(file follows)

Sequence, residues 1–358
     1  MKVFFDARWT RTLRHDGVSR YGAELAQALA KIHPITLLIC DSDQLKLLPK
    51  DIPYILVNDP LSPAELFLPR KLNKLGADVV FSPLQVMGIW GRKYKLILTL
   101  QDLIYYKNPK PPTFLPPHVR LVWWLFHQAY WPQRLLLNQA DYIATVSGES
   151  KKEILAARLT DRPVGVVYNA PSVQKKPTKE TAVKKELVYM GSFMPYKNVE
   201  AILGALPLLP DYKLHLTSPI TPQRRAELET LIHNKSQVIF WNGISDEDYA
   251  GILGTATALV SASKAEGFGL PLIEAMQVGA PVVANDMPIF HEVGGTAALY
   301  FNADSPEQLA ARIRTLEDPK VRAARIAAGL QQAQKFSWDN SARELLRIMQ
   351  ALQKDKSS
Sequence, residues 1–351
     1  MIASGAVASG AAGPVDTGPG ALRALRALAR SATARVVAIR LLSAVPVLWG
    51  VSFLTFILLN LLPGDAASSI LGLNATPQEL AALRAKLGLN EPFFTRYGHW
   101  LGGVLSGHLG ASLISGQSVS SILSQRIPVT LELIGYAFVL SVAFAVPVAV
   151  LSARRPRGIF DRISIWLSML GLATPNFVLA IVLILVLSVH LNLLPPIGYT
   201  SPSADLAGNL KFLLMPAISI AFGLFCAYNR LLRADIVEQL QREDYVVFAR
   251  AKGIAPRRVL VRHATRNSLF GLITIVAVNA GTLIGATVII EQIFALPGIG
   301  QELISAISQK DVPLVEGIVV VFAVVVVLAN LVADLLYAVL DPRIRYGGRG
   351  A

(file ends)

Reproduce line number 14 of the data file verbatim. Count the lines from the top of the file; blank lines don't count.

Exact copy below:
   151  LSARRPRGIF DRISIWLSML GLATPNFVLA IVLILVLSVH LNLLPPIGYT